Report of the Dutch OSGeo event 2008
Yesterday (June 17th) I visited the OSGeo event in Delft (The Netherlands). It was one of the first events in The Netherlands concentrated solely on open source GIS. (Although apparently this was already the second edition of this event.)
Keynote speaker and “celebrity guest” was Paul Ramsey. After some jokes on current events he gave an enthousiastic and humorous overview of the tools and software of the open source geo-world. Not a trace of his reported performance anxiety — I think he did a great job informing people about open source GIS and making them enthousiastic about it. Sure enough presenting it as “the One True Way to Enlightenment” helped with that. :-) His performance was easily the most energetic one.
In one of the other talks that morning, Henk van Cann raised the issue that he found that a lot of companies like to (mis)use open source and open standards as a hype word to promote their products, but don’t have a lot to substantiate it.
In his presentation, and also in an article (in Dutch) I found on his company’s website, he gives a few questions you can ask these companies to find out if they’re “serious” or not, such as: “what licenses do you use” (is it a real OSI-approved license?) and “do you give code or services back to the open source community”?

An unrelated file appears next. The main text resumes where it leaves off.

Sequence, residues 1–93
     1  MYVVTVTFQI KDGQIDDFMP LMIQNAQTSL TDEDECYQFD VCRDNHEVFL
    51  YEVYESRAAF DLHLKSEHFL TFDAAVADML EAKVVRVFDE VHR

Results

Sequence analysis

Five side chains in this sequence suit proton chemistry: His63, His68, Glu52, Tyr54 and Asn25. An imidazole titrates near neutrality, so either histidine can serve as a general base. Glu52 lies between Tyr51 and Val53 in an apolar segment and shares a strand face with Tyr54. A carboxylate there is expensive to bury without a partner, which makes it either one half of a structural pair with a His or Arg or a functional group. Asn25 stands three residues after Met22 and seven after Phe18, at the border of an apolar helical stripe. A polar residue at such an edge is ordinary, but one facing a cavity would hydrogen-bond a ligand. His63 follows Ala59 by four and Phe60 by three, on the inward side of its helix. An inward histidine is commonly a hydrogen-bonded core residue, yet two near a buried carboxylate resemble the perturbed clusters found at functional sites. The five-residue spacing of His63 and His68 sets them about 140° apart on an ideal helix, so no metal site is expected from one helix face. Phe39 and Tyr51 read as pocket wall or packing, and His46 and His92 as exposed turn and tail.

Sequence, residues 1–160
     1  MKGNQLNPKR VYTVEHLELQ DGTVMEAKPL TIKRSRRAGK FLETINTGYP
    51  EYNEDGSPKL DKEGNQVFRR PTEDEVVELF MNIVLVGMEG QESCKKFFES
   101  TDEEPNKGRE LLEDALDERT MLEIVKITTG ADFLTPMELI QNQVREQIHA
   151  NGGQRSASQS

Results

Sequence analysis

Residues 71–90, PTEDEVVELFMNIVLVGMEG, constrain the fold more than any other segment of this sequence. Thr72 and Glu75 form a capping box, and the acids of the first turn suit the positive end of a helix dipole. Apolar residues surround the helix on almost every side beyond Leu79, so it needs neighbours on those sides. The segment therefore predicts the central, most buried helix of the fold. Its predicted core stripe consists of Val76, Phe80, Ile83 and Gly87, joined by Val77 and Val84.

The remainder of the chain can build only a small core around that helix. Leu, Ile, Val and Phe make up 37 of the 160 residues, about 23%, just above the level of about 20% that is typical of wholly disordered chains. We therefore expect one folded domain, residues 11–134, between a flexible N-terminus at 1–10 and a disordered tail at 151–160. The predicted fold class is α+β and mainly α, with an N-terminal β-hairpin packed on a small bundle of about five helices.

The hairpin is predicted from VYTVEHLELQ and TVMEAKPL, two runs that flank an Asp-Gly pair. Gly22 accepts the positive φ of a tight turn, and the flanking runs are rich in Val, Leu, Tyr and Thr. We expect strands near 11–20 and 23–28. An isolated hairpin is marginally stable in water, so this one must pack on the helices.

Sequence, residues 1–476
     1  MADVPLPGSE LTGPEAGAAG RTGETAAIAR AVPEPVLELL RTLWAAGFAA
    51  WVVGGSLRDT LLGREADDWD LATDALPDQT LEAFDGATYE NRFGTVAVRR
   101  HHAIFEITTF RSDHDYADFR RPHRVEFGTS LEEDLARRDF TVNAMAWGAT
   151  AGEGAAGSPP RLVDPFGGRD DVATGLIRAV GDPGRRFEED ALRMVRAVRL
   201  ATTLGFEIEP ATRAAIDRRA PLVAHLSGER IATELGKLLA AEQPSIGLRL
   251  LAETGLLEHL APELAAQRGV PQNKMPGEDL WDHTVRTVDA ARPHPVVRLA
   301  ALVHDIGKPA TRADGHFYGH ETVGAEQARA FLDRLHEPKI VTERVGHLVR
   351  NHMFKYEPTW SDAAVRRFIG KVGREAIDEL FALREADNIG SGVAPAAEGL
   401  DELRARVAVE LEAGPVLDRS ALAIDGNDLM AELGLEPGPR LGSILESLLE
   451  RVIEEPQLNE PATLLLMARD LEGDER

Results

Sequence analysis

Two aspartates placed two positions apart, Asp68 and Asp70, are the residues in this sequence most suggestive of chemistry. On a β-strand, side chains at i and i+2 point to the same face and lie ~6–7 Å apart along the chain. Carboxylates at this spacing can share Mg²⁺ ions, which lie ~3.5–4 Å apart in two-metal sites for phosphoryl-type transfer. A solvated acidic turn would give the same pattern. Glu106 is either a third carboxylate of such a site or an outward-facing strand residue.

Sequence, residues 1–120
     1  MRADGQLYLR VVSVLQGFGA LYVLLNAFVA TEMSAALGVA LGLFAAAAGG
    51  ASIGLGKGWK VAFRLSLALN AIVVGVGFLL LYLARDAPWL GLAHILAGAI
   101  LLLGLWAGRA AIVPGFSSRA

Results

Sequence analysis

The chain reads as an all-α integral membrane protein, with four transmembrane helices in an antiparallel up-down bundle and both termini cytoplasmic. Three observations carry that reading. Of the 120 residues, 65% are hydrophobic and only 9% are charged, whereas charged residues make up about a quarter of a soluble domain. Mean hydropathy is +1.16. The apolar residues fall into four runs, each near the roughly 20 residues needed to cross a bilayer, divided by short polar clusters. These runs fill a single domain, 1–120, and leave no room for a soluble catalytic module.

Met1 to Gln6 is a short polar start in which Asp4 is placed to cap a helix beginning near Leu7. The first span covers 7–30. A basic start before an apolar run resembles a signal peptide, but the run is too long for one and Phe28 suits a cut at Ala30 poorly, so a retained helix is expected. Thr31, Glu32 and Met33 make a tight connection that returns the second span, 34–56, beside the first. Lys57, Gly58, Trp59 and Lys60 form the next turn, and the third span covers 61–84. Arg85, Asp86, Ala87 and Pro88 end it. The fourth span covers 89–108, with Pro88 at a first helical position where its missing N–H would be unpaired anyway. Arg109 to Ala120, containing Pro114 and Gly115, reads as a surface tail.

A member of the audience added yesterday: “Where can I download the source”? I think this is a really pragmatic and direct way to find out if a product is really open source or not.
To the question if open standards are used I would like to suggest the question: “Can I connect to your product/service with third party software?” And if it’s publicly available: “Give me the url!”
In the afternoon I attended a workshop on OpenLayers hosted by Bart van den Eijnden and Richard Duivenvoorde of b & d Natuuradvies. They had enough material to keep you busy for a whole day, but because there were assignments for every level of experience, there was something useful and interesting for everyone.
Of course, apart from learning a bit more about OpenLayers, it was also a nice chance to take a peek at what other geodevelopers are working on!